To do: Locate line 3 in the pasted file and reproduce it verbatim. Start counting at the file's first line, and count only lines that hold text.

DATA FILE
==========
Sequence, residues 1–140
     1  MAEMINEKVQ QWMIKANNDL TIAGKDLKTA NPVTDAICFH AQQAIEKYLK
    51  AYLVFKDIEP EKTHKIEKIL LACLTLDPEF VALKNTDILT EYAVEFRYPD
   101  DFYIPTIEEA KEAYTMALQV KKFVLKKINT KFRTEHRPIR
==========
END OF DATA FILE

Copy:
    51  AYLVFKDIEP EKTHKIEKIL LACLTLDPEF VALKNTDILT EYAVEFRYPD